According to a solar jobs census conducted under the auspices of The Solar Foundation, Colorado ranked ninth in the U.S. for solar jobs, with 3,600 people employed by the industry here during 2013. See an infographic about the findings below.
A cause to celebrate? Not according to Margaret McCall, an energy associate with Environment Colorado. That's because the state actually is lower on the roster than it was last year due to hiring stagnation.
"In Colorado, we have the fifth greatest solar potential in the country because of all our sunshine," McCall says. "But we saw a 0 percent increase in employment between 2012 and 2013. And that's pretty disappointing."
This holding action wasn't mirrored elsewhere, McCall adds. "Other states are bounding forward in terms of solar. Employment in the industry nationwide grew by almost 20 percent last year. But not here."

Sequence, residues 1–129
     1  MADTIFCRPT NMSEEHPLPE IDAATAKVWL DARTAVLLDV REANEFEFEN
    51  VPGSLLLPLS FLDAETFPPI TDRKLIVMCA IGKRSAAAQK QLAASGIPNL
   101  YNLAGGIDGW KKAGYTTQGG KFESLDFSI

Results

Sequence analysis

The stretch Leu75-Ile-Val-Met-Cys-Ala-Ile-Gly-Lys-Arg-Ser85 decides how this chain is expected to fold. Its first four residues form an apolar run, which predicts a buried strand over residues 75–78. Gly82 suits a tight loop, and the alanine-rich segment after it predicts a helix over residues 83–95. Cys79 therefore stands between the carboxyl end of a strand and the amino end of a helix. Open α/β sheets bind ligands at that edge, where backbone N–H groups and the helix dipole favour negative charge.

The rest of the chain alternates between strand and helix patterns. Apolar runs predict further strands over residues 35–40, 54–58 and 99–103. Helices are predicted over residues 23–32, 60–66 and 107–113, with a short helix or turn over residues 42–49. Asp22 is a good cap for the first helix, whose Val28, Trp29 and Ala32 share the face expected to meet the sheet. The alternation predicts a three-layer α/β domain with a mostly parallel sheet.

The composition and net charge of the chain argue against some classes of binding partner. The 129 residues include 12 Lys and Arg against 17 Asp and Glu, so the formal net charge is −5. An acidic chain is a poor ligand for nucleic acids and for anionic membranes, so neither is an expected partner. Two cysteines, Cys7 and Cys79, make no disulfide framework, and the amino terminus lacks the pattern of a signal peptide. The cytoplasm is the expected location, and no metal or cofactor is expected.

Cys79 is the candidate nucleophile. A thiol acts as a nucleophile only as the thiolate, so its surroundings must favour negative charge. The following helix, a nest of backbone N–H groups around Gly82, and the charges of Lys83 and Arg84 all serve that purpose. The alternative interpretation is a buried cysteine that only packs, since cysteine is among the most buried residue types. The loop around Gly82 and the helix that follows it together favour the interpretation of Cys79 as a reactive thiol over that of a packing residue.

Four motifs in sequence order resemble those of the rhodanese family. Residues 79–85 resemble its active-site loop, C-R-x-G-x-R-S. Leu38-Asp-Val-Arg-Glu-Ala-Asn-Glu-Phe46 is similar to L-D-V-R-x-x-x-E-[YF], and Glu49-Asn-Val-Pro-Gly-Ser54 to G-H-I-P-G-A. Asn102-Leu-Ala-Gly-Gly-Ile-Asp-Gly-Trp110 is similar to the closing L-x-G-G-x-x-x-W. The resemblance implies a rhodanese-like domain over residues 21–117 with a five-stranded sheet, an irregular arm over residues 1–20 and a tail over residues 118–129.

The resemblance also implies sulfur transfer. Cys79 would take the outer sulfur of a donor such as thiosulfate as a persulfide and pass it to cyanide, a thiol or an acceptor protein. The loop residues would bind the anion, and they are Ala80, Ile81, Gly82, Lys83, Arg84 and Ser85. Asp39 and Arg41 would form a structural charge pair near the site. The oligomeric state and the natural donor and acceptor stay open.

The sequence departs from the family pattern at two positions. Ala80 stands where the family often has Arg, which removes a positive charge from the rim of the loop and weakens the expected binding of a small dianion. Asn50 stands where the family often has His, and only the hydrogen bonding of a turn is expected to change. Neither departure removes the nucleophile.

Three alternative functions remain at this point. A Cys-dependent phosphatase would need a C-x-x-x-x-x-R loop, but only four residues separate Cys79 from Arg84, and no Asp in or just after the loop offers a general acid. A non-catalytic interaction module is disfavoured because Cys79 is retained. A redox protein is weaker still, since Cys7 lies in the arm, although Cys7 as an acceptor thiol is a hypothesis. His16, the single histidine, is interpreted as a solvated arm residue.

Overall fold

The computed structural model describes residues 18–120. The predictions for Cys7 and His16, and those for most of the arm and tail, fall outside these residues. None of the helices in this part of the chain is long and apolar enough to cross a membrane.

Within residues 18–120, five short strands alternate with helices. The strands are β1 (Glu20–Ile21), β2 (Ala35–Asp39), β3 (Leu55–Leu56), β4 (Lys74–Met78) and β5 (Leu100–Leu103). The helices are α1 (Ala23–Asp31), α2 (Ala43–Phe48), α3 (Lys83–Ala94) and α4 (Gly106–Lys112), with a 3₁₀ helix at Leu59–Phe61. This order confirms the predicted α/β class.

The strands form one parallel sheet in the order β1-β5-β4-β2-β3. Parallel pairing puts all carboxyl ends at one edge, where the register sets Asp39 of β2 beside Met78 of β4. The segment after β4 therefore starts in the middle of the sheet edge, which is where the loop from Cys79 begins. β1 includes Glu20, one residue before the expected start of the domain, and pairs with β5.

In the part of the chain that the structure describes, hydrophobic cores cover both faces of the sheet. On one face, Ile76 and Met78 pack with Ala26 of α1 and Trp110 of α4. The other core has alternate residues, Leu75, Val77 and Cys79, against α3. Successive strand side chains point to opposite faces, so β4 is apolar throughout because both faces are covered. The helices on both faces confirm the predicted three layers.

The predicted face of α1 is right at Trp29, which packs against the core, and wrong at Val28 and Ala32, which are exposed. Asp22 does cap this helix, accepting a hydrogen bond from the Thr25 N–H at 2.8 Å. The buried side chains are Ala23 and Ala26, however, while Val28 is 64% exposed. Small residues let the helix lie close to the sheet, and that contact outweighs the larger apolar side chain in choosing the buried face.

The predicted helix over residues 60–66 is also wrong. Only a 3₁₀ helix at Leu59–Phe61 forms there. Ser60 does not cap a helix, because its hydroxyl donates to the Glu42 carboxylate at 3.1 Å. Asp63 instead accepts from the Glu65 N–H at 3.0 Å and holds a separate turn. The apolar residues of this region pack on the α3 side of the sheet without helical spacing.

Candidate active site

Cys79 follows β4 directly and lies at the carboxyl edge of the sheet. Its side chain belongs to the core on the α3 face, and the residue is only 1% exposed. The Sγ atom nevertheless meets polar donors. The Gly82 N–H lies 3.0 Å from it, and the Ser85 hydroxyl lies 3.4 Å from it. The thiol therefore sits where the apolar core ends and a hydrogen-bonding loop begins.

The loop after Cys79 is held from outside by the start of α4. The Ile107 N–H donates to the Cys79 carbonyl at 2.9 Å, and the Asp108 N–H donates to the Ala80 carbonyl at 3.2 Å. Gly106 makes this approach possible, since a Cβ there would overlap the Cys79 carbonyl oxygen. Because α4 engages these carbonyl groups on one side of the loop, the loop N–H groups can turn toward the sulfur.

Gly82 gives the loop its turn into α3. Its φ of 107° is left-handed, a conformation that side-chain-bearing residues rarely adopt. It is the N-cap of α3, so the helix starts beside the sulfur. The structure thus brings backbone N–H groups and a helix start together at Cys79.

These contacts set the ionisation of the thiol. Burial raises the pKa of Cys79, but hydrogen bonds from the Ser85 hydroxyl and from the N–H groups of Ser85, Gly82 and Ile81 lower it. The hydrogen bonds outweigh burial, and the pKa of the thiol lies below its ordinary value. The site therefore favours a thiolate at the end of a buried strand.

The result was slippage in the solar-jobs rankings. As noted by the Denver Business Journal, Colorado fell three slots from 2012 in terms of both total jobs and solar jobs per capita; the state went from 7th to 10th in this last category between 2012 and 2013.
In the view of solar boosters, the situation would have been worsened had a GOP attempt to repeal the rural renewable energy standard been successful; it was defeated last month.
But McCall is still concerned about possible changes in net metering, which she describes as "fair credit for homeowners who have solar for sending excess energy back to the grid." As reported by Green Tech Media, Xcel Energy has asked for changes in the net metering standard that advocates believe would cost solar users currently benefiting from it. And while the Public Utilities Commission has not yet approved the plan, the proposal itself concerns McCall.
"Our hypothesis is that uncertainty in the future of these policies is contributing to the slowdown," she says.
How can Colorado reverse the current trend and begin climbing the solar-jobs list again? "We need to get a firm commitment from leaders with pro-solar policies to turn this around," McCall believes. "And it won't happen on its own."
Here's an infographic featuring the top ten solar states of 2013.
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More from our Environment archive circa September 2013: "Photos: The 100 dirtiest power plants in America -- including two in Colorado."